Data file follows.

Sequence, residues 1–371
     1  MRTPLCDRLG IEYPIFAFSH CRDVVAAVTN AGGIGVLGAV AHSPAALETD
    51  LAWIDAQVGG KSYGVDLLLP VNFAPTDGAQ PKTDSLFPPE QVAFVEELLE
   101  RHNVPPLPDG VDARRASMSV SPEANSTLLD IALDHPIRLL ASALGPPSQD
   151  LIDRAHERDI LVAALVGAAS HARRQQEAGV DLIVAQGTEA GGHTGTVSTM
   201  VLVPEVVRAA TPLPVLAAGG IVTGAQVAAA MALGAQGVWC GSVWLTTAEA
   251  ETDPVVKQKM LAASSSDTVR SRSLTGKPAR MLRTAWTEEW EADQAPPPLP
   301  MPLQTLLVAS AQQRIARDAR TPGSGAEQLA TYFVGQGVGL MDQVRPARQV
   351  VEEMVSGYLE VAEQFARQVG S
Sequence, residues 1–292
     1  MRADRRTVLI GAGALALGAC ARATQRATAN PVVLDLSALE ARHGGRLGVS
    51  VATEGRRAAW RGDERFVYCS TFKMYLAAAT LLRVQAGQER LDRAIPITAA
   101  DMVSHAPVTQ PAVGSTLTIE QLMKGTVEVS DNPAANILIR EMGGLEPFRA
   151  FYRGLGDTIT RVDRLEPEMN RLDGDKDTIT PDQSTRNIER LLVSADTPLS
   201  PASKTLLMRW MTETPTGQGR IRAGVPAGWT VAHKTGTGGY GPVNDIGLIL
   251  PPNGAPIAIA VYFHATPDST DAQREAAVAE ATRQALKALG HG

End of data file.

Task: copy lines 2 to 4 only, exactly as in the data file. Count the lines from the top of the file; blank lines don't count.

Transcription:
     1  MRTPLCDRLG IEYPIFAFSH CRDVVAAVTN AGGIGVLGAV AHSPAALETD
    51  LAWIDAQVGG KSYGVDLLLP VNFAPTDGAQ PKTDSLFPPE QVAFVEELLE
   101  RHNVPPLPDG VDARRASMSV SPEANSTLLD IALDHPIRLL ASALGPPSQD